Nick Triolo stood on the steps of the Missoula County Courthouse on Feb. 22 and explained to a crowd of about 200 why it was so important to make a statement that snowy afternoon.
"I strongly believe we are ... doing the most important thing that we could be doing today," said Triolo, a University of Montana graduate student and member of the Blue Skies Campaign. "I don't know what is more important than this."
Triolo was joined by activists and organizers from across the state, including members of the Montana Sierra Club, 350.org, the Blue Skies Campaign, Indian People's Action and other groups, who want to stop increased coal train traffic through Missoula and halt the development of the Otter Creek mine in eastern Montana.
"We have some huge decisions that are to be made this year about the Otter Creek mine ... and the Tongue River Railroad that would connect these mines to the rail system," Triolo explained. "We are already seeing tons and tons of coal coming through our communities on its way to being exported overseas. This has contributed to a wide range of health complications, both for the land and humans, as a result of coal dust, toxic fumes, noise pollution, not to mention climate change."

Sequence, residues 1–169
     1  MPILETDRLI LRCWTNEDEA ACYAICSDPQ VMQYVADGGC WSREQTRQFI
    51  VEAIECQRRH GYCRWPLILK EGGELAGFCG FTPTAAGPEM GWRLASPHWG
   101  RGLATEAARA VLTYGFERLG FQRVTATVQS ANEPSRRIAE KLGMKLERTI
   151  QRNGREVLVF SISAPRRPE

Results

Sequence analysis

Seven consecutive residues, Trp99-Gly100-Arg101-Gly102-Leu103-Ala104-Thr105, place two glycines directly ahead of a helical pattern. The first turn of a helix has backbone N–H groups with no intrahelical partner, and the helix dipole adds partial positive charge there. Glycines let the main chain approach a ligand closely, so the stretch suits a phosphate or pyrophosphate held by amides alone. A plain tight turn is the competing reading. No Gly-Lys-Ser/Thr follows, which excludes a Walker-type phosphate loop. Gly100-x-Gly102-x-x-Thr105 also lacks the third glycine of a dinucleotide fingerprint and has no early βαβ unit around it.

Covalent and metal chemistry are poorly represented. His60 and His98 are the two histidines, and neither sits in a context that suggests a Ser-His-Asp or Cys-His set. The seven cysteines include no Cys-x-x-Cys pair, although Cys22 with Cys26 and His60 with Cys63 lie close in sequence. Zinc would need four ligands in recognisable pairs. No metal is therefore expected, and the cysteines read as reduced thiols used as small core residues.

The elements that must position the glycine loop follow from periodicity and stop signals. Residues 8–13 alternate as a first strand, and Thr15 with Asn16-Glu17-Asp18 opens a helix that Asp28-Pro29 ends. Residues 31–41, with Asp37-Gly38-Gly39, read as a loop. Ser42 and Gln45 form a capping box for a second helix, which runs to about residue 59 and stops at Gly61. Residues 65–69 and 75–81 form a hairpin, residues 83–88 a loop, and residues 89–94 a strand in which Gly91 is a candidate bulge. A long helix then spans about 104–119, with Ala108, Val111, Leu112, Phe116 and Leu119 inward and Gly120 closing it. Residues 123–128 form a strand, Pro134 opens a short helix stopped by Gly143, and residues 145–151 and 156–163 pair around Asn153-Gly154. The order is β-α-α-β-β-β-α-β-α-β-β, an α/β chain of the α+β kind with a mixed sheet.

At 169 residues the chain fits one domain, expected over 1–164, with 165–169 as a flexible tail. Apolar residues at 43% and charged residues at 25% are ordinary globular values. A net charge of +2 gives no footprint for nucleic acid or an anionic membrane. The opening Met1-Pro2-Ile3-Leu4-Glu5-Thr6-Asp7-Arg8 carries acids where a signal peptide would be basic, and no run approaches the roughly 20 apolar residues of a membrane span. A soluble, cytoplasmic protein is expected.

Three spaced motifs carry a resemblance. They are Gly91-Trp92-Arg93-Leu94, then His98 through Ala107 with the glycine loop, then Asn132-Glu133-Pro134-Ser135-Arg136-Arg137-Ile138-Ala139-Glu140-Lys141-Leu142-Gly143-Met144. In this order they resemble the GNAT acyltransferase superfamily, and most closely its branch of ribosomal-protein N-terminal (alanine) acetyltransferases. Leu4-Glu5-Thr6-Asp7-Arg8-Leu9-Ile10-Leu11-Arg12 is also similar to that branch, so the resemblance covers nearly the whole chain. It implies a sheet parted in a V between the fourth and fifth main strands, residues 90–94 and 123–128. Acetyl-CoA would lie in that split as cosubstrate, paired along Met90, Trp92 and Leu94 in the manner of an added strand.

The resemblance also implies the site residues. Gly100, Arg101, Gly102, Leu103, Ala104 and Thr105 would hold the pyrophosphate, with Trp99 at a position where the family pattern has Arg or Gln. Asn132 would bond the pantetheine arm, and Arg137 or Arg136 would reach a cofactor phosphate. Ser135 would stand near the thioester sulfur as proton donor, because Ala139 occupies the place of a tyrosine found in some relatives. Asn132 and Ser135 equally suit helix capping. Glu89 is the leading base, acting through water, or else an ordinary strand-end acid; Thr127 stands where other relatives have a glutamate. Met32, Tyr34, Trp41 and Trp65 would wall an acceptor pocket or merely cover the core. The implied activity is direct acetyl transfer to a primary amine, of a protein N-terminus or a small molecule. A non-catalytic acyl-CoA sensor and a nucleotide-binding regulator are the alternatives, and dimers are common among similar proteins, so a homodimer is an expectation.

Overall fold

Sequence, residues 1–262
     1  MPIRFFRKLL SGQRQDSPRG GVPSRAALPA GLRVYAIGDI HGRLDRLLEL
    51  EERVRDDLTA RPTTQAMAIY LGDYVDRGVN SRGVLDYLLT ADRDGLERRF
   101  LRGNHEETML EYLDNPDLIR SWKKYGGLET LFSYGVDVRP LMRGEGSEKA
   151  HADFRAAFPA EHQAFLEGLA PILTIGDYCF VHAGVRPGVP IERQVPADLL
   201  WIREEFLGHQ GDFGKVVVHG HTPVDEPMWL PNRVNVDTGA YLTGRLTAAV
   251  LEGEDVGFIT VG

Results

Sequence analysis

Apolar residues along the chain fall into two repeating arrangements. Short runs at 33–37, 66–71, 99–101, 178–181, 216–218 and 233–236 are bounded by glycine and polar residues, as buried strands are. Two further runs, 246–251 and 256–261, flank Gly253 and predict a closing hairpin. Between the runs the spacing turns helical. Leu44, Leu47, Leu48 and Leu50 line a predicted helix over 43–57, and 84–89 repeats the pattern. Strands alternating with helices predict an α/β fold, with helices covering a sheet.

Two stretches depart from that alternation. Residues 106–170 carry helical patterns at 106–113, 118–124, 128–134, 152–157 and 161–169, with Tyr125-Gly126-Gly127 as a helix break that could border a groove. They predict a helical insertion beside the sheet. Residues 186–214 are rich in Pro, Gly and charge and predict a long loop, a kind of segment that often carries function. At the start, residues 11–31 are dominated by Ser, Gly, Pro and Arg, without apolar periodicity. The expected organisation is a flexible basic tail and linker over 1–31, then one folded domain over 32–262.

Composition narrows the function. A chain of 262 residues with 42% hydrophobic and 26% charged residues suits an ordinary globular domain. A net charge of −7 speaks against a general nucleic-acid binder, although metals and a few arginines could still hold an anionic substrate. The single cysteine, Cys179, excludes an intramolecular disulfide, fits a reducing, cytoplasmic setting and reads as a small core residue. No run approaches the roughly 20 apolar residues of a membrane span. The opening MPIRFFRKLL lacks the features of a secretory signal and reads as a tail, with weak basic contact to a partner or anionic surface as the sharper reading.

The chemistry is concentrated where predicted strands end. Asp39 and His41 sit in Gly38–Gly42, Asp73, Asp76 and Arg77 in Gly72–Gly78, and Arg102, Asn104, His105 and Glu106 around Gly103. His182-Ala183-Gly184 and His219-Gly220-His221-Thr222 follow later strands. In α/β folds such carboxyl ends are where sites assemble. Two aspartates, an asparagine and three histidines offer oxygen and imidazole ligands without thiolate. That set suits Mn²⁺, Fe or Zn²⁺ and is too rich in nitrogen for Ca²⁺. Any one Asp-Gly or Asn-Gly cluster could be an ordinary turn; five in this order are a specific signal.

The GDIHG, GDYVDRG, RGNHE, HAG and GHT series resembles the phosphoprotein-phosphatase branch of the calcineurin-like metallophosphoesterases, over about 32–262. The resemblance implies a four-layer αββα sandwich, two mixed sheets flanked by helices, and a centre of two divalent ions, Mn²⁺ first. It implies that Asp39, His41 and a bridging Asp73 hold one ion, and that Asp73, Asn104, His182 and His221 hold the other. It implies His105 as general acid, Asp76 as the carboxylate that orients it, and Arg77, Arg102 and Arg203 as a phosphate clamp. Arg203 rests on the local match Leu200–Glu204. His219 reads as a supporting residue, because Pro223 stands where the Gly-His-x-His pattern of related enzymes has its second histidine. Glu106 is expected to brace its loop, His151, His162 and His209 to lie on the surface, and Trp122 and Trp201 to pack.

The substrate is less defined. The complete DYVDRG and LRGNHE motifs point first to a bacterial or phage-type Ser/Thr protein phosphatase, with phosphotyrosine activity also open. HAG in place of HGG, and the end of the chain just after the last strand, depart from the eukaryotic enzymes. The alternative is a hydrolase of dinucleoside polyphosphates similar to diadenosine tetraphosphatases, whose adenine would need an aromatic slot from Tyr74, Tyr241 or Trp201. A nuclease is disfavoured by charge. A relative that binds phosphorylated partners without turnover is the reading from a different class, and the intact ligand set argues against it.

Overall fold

Five more speakers energized the audience before the crowd hit the streets and headed toward the train tracks in what event organizers said was one of the largest anti-coal marches ever in Missoula. The march marked the first in a series of demonstrations that the Blue Skies Campaign and its allies are organizing across the state this year.
"We will have events in quite a few communities and that will be an important way to show decision-makers that people all over the state care about climate issues and coal exports," says Nick Engelfried, another Blue Skies organizer.
The rally came nearly two weeks after another small victory for local coal opponents. On Feb. 12, the Washington Department of Ecology announced that it would include Montana coal train traffic in its environmental review of the proposed Millennium Bulk Terminal in Longview, Wash. Coal companies want to use the terminal to ship coal from the Powder River Basin to Asia. Environmentalists across the Pacific Northwest are trying to prevent the terminal's construction.